Like every record Superchunk has made over the last thirty-someyears, Wild Loneliness is unskippably excellent and infectious.It’s a blend of stripped-down and lush, electric and acoustic,highs and lows, and I love it all. On Wild Loneliness I hearechoes of Come Pick Me Up, Here’s to Shutting Up, and MajestyShredding. After the (ahem, completely justifiable) anger ofWhat a Time to Be Alive, this new record is less about what we’velost in these harrowing times and more about what we have tobe thankful for. (I know something about gratitude. I’ve been ahuge Superchunk fan since the 1990s, around the same time Ifirst found my way to poetry, so the fact that I’m writing thesewords feels like a minor miracle.)
On Wild Loneliness, it feels like the band is refocusing onpossibility, and possibility is built into the songs themselves,in the sweet surprises tucked inside them. I say all the timethat what makes a good poem—the “secret ingredient”—issurprise. Perhaps the same is true of songs. Like when the saxcomes in on the title track, played by Wye Oak’s Andy Stack,adding a completely new texture to the song. Or when OwenPallett’s strings come in on “This Night.” But my favoritesurprise on Wild Loneliness is when the harmonies of NormanBlake and Raymond McGinley of Teenage Fanclub kick inon “Endless Summer.” It’s as perfect a pop song as you’ll everhear—sweet, bright, flat-out gorgeous—and yet it grappleswith the depressing reality of climate change: “Is this the yearthe leaves don’t lose their color / and hummingbirds, theydon’t come back to hover / I don’t mean to be a giant bummerbut / I’m not ready / for an endless summer, no / I’m not readyfor an endless summer.” I love how the music acts as a kind ofcounterweight to the lyrics.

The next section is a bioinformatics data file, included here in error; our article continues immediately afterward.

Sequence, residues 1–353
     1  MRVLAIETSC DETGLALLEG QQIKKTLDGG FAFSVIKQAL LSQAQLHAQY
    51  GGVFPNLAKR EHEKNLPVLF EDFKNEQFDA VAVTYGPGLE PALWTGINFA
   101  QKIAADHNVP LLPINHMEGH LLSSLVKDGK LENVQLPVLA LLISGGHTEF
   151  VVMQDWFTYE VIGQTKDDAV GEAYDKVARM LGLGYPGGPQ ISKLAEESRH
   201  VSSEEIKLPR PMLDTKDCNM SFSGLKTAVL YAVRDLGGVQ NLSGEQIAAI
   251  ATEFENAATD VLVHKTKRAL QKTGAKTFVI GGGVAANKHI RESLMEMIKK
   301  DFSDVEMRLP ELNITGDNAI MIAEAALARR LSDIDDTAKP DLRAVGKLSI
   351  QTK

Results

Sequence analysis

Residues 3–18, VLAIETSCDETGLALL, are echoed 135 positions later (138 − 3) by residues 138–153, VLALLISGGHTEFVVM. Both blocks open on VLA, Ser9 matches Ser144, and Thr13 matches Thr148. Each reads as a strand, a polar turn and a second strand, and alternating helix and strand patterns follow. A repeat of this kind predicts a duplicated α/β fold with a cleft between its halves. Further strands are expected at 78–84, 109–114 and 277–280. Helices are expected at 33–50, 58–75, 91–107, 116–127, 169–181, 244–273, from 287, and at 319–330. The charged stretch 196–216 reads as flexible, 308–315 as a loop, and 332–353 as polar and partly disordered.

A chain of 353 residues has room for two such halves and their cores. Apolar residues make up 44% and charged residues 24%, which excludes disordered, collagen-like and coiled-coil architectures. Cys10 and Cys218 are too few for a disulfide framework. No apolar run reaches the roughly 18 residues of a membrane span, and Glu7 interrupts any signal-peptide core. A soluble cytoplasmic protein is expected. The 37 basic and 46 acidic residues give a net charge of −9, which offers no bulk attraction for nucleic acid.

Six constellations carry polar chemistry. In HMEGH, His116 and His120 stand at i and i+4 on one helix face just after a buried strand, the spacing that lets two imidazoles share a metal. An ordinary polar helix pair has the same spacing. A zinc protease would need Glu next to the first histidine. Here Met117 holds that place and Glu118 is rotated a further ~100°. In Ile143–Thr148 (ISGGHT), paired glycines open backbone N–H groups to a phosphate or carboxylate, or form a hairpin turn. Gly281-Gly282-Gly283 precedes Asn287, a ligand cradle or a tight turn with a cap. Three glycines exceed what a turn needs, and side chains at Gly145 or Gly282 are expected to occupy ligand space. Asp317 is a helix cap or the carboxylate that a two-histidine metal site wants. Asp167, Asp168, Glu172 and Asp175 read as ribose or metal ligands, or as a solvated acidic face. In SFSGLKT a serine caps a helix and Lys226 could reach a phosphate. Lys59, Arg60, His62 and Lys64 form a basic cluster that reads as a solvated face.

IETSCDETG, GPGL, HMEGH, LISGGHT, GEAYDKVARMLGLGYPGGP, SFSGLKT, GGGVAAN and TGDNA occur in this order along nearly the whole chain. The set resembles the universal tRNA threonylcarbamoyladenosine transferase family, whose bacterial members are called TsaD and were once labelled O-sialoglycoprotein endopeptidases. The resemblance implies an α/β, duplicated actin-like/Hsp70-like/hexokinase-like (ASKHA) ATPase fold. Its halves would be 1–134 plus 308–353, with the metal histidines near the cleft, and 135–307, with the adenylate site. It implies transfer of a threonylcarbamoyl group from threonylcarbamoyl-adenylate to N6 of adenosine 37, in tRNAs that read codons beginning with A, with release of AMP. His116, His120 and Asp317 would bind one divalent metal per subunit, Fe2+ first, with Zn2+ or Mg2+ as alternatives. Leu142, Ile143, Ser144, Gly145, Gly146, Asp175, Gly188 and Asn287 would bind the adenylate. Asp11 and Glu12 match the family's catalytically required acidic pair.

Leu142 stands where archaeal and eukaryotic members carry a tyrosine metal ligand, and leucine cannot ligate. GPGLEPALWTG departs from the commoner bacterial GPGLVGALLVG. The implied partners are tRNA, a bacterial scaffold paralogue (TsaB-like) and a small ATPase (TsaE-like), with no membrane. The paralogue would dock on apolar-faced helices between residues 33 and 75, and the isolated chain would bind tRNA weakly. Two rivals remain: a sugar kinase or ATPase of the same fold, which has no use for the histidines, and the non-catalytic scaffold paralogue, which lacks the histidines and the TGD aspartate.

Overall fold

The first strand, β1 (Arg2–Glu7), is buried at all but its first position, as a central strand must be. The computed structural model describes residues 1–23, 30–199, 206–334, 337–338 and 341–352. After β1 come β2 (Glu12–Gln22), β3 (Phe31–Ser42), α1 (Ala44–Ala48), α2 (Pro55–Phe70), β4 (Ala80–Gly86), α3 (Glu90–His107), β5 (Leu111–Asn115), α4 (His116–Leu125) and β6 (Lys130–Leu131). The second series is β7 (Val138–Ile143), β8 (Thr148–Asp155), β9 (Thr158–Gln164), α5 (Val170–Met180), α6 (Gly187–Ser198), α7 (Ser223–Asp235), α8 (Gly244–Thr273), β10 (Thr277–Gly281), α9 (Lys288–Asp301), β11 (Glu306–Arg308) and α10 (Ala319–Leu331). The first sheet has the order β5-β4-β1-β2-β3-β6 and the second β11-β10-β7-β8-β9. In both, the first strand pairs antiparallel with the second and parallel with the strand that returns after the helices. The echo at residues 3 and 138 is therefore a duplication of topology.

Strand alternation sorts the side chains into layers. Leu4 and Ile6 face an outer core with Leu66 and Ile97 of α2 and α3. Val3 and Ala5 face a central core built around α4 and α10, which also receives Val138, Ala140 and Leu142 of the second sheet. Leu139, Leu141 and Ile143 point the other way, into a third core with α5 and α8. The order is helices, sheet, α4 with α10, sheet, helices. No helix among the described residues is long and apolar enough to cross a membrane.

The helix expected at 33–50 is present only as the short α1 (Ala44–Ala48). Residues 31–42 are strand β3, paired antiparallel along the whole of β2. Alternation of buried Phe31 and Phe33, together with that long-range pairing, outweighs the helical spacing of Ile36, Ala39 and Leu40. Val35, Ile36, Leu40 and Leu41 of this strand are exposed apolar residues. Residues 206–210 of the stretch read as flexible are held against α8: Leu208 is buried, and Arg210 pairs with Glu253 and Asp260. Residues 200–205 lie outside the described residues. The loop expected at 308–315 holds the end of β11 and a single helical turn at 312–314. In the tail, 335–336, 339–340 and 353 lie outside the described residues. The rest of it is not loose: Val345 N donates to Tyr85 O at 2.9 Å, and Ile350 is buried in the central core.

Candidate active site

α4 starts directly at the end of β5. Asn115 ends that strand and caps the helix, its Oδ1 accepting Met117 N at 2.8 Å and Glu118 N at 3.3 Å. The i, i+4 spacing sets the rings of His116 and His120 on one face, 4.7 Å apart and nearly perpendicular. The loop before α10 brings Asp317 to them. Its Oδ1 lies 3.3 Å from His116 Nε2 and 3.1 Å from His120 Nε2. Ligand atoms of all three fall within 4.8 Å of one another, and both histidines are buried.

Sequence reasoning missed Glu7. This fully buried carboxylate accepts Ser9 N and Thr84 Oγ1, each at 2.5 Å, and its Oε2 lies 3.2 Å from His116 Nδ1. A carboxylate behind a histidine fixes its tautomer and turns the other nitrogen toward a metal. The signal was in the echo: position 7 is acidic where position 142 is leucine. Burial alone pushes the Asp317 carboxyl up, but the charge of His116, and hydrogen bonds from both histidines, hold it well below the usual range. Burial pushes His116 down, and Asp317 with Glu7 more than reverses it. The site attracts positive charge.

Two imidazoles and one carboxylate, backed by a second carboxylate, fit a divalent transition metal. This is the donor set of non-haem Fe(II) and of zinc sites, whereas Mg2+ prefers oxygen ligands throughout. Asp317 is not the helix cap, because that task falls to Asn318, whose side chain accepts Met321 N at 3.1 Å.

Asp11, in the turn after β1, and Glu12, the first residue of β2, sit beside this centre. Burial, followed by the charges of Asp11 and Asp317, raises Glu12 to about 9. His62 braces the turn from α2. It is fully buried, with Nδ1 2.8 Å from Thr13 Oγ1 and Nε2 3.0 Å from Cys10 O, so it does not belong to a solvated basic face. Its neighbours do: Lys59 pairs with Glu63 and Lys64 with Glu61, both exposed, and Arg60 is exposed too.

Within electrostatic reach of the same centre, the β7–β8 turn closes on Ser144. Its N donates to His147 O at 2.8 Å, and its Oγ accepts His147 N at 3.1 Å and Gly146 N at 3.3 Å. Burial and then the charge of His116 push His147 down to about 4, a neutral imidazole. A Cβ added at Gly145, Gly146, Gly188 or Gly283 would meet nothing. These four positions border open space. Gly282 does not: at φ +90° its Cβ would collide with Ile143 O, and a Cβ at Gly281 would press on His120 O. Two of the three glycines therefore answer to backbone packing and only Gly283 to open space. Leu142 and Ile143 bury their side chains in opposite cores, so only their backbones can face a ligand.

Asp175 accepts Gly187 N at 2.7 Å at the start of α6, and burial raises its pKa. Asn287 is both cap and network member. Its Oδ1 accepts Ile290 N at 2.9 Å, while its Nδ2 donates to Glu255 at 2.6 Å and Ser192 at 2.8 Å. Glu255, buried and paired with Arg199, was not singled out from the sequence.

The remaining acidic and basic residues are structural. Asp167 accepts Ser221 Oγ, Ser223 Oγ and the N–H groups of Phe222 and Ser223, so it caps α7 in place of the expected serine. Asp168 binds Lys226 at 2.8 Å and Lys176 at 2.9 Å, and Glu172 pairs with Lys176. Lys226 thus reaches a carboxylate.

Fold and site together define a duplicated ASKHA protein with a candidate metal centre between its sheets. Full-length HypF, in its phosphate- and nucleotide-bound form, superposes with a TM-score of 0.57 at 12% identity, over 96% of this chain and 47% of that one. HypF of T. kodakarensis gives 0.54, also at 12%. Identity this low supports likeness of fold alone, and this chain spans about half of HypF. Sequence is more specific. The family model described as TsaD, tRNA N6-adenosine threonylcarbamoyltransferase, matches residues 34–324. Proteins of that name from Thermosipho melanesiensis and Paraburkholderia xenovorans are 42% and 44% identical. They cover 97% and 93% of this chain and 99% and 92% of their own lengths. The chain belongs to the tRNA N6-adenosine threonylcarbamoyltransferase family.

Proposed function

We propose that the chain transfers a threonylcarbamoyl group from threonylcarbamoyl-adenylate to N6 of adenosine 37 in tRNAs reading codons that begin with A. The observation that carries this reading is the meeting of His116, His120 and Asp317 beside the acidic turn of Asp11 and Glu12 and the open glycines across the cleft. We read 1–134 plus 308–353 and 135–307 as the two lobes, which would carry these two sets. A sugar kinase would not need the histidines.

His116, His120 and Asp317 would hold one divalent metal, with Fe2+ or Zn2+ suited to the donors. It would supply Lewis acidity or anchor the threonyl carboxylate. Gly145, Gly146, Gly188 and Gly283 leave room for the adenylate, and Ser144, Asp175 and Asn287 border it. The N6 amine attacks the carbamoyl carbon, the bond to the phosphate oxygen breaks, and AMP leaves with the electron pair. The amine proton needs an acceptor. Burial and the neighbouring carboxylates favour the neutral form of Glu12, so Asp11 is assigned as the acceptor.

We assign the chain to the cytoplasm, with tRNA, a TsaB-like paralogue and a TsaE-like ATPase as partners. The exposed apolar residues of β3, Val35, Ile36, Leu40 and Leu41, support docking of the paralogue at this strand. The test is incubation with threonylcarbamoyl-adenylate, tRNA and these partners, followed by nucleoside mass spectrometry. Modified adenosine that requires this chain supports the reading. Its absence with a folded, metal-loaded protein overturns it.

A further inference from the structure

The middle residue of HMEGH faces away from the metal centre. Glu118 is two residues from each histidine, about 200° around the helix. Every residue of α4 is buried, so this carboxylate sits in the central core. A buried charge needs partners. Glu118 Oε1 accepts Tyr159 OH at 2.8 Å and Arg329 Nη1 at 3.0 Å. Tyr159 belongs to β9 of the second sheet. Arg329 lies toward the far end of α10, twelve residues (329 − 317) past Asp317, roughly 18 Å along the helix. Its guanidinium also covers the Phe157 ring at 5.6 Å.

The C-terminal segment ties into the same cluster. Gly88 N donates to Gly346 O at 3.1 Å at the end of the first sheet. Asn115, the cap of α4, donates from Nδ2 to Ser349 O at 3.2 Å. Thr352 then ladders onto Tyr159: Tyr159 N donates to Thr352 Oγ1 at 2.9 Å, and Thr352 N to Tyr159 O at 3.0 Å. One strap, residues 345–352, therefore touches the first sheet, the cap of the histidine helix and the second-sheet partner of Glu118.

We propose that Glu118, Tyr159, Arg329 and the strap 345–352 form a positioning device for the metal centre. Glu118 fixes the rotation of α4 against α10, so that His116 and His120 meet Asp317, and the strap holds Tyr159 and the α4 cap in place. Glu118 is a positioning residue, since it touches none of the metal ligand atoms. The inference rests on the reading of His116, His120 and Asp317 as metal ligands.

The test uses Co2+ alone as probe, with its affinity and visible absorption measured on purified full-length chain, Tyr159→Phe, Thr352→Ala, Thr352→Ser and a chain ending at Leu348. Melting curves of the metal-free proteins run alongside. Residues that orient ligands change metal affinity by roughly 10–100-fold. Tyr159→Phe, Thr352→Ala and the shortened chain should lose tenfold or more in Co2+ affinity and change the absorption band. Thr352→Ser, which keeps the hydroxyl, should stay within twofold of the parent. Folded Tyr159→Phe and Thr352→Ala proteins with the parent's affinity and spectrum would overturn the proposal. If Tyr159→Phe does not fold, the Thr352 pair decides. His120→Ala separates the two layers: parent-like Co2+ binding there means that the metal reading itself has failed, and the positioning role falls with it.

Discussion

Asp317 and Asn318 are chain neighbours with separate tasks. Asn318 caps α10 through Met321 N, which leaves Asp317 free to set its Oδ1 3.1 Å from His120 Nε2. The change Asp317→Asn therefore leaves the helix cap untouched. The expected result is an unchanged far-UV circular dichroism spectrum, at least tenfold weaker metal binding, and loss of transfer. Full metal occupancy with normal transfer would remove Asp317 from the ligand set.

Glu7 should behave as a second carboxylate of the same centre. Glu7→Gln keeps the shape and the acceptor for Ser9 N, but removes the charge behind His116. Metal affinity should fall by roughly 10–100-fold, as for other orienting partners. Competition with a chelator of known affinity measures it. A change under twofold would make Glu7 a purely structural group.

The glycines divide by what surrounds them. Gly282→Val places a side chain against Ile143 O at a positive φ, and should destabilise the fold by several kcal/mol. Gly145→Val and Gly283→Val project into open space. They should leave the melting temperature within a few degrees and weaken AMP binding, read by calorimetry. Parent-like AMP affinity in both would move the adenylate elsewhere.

Because of COVID, Mac, Laura, Jim, and Jon each recordedseparately, but a silver lining is that this method made otherlong-distance contributions possible, from R.E.M.’s MikeMills, Sharon Van Etten, Franklin Bruno, and TracyanneCampbell of Camera Obscura, among others. Some of thesongs for the record were written before the pandemic hit, butothers, like “Wild Loneliness,” were written from and aboutisolation.
I’ve been thinking of songs as memory machines. Every timewe play a record, we remember when we heard it before, andwhere we were, and who we were. Music crystallizes memoriesso well: listening to “Detroit Has a Skyline,” suddenly I’mshout-singing along with it at a show in Detroit twenty yearsago; listening to “Overflows,” I’m transported back to whisper-singing a slowed-down version of it to my young son, that yearit was his most-requested lullaby.
Wild Loneliness is becoming part of my life, part of mymemories, too. And it will be part of yours. I can picturepeople in 20, 50, or 100 years listening to this record andmarveling at what these artists created together—beauty,possibility, surprise—during this alarming (and alarminglyisolated) time. But why wait? Let’s marvel now.